Virus-resistant tomato may hold hope for industry

Virus-resistant tomato may hold hope for industry

Field tomato growersfrom Florida to Texas say a new virus-resistant variety developed by vegetable breeders at Texas A&M University may provide a glimmer of hope for an industry that has been decimated by a raging virus complex spread by the dreaded whitefly.

The disease outbreak has been so intense that it has destroyed virtually all field tomato production in the vegetable-rich Rio Grande Valley and has challenged growers from Florida to Arizona who have been losing ground to Canadian and Mexican tomato imports in recent years.

“Research on the development of the T-5 tomato variety came about as a result of a need for a tomato that could stand up to a new virus strain spread by whiteflies into warm climate areas of the U.S. back around 2002,” says Dr. Kevin Crosby, a vegetable breeder and member of the Vegetable and Fruit Improvement Center at Texas A&M.

“This new strain of viruses decimated South Texas tomatoes to the point that growers largely abandoned what was once very successful operations, opening the door for tomatoes from across the border.”

Crosby says the new virus strain originated in the Middle East, then spread from Florida to Mexico and then came back to Texas by whiteflies.

Once the plants were infectedwith the virus, leaves would turn yellow and curl, eventually killing the plant at early stages of development. In the Rio Grande Valley, nearly 40,000 acres of field tomato production have fallen victim to the virus.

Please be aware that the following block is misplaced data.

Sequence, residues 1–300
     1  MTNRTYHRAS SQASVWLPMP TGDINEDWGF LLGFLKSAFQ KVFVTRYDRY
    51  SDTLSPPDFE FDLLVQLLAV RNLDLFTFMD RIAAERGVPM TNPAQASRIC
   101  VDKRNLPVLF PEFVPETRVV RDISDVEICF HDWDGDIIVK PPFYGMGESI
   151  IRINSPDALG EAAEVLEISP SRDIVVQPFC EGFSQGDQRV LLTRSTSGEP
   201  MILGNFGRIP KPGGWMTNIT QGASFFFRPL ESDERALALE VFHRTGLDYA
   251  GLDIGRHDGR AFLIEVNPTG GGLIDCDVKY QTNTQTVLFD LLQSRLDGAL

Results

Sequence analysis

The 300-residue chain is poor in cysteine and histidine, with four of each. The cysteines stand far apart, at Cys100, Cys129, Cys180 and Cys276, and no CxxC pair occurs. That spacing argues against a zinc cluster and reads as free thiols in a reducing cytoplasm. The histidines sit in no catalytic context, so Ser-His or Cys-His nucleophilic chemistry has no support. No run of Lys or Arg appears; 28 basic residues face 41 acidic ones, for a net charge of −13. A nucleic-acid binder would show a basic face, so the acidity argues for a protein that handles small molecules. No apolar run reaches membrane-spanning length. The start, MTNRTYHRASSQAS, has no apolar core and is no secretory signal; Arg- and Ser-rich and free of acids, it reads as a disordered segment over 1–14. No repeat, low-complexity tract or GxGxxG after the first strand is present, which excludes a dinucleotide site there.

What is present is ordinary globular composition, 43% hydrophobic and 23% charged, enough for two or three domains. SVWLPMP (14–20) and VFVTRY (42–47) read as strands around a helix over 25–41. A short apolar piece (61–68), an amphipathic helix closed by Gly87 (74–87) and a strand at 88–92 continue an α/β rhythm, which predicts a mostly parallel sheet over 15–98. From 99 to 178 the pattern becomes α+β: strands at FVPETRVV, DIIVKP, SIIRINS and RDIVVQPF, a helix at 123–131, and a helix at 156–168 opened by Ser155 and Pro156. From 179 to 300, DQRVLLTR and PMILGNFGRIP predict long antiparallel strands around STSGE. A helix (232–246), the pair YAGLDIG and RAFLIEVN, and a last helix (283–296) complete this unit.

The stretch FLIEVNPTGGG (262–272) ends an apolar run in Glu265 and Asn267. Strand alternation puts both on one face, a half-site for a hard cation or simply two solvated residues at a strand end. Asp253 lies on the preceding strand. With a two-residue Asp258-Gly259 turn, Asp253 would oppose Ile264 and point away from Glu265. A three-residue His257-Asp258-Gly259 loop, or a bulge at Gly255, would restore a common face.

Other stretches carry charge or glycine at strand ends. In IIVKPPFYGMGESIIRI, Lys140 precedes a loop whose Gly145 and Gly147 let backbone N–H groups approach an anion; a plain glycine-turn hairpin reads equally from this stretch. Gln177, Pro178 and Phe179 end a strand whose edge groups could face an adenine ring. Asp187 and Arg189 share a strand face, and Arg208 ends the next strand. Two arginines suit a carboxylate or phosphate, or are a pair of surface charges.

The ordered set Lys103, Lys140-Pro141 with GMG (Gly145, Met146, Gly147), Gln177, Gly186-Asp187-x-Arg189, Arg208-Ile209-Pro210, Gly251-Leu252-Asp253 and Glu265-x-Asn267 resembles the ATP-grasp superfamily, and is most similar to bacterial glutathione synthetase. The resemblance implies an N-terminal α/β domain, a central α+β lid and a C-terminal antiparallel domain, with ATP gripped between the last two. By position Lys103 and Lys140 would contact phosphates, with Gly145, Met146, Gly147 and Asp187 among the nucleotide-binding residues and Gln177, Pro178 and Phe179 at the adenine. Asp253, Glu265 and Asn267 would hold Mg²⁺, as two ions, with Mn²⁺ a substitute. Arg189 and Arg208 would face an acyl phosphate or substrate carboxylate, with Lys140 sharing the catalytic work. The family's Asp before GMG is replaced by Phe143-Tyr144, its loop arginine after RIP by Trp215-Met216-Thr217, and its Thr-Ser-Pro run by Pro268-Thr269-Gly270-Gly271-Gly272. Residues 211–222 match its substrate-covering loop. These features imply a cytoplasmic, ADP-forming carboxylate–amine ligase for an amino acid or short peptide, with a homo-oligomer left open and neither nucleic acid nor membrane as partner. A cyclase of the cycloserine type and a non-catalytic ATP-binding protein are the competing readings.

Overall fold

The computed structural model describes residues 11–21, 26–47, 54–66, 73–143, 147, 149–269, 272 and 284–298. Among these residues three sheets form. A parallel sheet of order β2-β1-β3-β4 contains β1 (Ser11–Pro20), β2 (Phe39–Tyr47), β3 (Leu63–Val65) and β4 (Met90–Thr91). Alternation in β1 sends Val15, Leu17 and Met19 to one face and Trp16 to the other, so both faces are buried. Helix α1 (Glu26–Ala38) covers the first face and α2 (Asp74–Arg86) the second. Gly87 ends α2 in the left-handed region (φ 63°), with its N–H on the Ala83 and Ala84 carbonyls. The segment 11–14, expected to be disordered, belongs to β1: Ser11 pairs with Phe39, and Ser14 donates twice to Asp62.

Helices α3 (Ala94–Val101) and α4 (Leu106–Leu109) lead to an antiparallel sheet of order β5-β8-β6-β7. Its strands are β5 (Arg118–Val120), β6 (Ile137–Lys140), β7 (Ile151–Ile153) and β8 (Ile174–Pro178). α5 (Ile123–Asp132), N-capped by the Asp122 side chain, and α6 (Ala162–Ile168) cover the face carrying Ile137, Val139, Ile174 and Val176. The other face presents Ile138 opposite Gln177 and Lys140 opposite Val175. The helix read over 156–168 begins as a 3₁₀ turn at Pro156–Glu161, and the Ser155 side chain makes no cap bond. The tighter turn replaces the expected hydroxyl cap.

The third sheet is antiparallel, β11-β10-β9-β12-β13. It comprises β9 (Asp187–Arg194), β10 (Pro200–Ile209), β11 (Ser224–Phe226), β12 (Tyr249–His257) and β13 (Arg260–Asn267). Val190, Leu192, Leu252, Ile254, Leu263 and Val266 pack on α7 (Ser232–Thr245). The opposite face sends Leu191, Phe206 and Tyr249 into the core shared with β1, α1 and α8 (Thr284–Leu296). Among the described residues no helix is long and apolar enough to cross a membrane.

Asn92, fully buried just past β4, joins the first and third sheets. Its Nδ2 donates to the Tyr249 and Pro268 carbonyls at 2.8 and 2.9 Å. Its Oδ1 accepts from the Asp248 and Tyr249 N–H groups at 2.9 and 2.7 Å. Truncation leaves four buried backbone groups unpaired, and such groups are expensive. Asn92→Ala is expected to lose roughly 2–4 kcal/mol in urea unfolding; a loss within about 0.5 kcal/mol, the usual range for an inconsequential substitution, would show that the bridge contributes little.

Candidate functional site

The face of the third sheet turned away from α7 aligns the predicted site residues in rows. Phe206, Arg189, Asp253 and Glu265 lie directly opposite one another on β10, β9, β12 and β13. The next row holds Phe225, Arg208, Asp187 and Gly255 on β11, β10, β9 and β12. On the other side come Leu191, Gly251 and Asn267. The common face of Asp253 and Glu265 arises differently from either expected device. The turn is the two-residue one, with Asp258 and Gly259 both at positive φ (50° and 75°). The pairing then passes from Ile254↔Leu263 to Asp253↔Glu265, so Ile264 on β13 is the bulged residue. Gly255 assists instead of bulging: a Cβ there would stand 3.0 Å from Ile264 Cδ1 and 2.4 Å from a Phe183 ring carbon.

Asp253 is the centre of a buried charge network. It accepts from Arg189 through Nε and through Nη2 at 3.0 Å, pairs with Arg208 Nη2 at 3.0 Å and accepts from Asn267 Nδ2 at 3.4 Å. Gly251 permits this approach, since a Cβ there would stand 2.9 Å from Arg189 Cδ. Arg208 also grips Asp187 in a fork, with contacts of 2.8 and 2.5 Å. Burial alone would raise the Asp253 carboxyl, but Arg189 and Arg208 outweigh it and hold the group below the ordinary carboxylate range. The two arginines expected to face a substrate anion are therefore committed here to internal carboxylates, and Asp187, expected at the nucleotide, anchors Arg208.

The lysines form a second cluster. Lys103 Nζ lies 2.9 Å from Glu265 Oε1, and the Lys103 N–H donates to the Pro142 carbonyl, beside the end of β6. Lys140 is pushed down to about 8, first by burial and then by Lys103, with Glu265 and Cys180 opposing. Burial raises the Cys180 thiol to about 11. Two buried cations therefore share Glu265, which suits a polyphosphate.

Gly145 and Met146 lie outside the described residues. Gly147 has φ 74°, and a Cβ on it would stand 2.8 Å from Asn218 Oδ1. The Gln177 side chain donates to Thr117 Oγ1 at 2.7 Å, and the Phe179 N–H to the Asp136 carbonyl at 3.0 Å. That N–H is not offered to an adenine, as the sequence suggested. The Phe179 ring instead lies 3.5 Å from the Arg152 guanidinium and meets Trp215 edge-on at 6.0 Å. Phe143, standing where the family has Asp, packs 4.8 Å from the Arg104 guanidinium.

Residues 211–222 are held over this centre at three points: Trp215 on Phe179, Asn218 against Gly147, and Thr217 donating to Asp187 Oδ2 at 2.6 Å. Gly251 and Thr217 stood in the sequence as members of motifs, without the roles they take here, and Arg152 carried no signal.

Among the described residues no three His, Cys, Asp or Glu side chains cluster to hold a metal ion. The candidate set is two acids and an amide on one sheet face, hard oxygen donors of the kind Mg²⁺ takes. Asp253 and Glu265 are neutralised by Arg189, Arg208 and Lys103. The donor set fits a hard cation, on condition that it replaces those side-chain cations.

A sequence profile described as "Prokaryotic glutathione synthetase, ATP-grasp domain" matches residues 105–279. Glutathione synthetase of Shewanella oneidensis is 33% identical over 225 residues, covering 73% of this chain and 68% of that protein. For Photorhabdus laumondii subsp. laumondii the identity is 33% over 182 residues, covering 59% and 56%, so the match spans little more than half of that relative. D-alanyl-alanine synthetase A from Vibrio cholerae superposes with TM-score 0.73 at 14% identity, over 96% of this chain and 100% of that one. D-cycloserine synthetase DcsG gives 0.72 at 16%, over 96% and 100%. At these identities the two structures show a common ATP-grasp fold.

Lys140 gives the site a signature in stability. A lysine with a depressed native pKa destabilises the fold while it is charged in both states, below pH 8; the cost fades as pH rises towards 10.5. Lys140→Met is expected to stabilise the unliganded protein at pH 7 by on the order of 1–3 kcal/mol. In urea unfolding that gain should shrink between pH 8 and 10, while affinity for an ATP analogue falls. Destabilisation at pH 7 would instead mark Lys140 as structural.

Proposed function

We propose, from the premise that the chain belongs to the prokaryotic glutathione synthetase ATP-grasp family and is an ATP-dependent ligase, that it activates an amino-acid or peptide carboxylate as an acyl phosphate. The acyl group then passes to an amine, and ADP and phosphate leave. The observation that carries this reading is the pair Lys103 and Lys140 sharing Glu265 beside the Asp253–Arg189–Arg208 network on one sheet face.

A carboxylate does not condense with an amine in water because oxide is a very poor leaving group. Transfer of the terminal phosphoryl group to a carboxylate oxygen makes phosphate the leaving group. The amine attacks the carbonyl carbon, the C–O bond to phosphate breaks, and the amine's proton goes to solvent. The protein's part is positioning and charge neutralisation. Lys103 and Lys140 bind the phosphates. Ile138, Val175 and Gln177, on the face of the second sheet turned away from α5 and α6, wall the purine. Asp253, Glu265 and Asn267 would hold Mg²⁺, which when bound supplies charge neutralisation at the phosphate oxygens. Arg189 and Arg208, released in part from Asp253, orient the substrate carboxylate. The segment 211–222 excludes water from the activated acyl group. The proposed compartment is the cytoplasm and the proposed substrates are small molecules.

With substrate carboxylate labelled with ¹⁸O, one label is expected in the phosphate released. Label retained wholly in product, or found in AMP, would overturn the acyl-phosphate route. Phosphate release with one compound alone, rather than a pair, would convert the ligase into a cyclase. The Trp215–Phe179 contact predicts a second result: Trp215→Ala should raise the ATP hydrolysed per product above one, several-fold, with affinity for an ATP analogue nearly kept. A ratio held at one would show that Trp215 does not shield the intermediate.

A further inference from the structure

Ray Prewett, executive vice president of the Texas Vegetable Association at Mission, Texas, says at one time there were as many as 100 cannery operations in the Valley — “so much so that at one time growers there boasted of feeding America’s soldiers in World War II. The canneries mass-produced long shelf life food products that were carried into Europe and the Pacific regions, and many soldiers survived by eating those products.”

By the end of the last century the number of canneries had declined, but the Valley remained a viable growing region for tomatoes and processing operations until early last decade when the new virus strain arrived.

“And it’s not just the Southwest that has struggled with the whitefly and this new virus complex. Florida growers have been battling the disease for over a decade and they also have suffered declining production numbers as a result, and Arizona growers are now dealing with the whitefly and virus problems as well,” Crosby says.

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